- Published: October 17, 2022
- Updated: October 17, 2022
- University / College: Istituto Marangoni. Milano, Paris, London.
- Language: English
- Downloads: 24
1. What is the danger in oversimplifying the globalization approach? Would you agree with the statement that “ if something is working in a big way in one market, you better assume it will work in all markets”? Globalization and International marketing is quite different from each other, the primary difference being the two is; global and international marketing management is that global marketing management is guided by the global concept which views the world one market and is based on indentifying and targeting cross-cultural similarities.
There are at least three factors that help define the global approach to international marketing: 1. The world is viewed as a market. 2. Homogeneous market segments are sought across country markets. 3. Standardization of the market mix is sought whenever possible but adapted whenever culturally necessary. Using the information that is mentioned above, we can state the danger of oversimplifying globalization. With globalization being a broad concept, if marketer insist on oversimplifying the approach it will be disastrous to them.
All company wish that they can venture their business globally but most often quite a few of them fall short. When a company decides to go global they must remember globalization looks at the world as one market, but they need to remember that they cannot treat all the markets as one nor the same way they treat their home markets. Each country has their own cultures, norms, way of life and their own way in doing certain things, which often it is done differently from the way the consumers form the marketer’s home market do.
By treating all the markets the same way the marketer will be bound to find themselves in problems, in most extreme product failure. So when deciding to go globally the marketer must think thoroughly about what they are getting into and all the aspects of globalization and understand the concept as fully as possibly. So that they won’t look at it too narrowly and fail. I disagree with the statement, ‘ If something is working in a big way in one market, you better assume it will work in all markets’. Marketing differences do not permit that.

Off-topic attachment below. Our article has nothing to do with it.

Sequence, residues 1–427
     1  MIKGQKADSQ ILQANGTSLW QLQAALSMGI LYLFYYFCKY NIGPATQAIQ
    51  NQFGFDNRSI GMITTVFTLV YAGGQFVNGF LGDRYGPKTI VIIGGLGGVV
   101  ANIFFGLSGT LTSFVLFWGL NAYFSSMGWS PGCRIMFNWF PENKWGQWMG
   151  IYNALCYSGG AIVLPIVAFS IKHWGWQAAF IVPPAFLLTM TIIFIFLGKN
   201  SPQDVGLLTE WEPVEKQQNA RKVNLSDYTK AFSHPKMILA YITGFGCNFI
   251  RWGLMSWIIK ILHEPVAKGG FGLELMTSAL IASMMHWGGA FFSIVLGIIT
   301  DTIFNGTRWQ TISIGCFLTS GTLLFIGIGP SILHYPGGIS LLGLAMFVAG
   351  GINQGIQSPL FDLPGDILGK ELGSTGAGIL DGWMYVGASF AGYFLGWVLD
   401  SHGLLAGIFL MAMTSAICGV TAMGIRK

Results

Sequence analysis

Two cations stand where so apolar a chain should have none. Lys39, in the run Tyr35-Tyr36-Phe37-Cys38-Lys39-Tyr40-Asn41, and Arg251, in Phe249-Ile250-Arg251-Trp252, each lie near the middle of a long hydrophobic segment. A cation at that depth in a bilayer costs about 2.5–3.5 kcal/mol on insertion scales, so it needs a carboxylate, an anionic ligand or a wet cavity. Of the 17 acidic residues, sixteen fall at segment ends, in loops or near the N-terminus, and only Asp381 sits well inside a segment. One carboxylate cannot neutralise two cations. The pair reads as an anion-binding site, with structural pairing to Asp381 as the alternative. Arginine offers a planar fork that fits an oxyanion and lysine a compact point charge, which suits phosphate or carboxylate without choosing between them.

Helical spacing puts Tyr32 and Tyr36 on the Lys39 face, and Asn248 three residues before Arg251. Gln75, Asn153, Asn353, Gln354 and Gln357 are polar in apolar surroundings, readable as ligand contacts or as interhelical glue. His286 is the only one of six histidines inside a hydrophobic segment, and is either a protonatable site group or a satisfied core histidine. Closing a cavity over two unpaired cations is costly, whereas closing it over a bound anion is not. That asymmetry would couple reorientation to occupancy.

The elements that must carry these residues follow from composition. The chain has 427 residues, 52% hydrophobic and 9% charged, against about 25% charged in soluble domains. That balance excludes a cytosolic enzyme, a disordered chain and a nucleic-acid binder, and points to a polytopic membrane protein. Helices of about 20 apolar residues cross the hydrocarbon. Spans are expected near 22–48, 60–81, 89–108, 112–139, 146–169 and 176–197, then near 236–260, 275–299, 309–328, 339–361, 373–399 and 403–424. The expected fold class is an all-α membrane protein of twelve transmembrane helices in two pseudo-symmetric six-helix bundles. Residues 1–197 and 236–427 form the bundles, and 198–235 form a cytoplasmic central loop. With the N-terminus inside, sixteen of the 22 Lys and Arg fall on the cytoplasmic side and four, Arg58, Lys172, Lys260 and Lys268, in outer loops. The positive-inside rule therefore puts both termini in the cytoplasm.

Each market has its own government and trade restrictions, differences in the availability of media, differences in customer interests and response patterns, and the whole host of cultural differences. There are so many factors that a marketer has to take into consideration before entering a new marketing. A product maybe doing well in one market, let’s say because it is of an essential part of the consumers day to day operation. But not just because it works well in that market means it will work too in the every market, the demand of that product may not be present anywhere else except for that one market.
Globalization is not standardization; therefore marketing concepts has to be customized to local tastes. Products must be launched as if they were developed only for their market. Hence my opinion to the mentioned statement ‘ if something is working in a big way in one market, you better assume it will work in all markets’ is incorrect. 2. In addition to teenagers as a global segment, are there possibly other such groups with similar traits and behaviours that have emerged worldwide? ?
Effective use of segmentation, that is, the recognition that groups within markets differ sufficiently to warrant individual marketing mixes, allows global marketers to take advantages of the benefits of standardization while addressing the unique needs and expectations of a specific target group. Global marketers have already successfully targeted the teenage segment, which is converging as a result of common taste in sports and music fuelled by their computer literacy, travels abroad and in many countries financial independence.
Yes, other than the teenagers as a global segment, there are other global segments that are evident in the global market. These include: ??? Trendsetters ??? Europe’s business people The trendsetters are wealthier and better educated and tend to value independence, refuse consumer stereotypes, and appreciate exclusive products. Whereas, the Europe’s business people are well-to-do, regularly travel abroad, and have a taste for luxury goods. Bibliography http://books. google. gy. com
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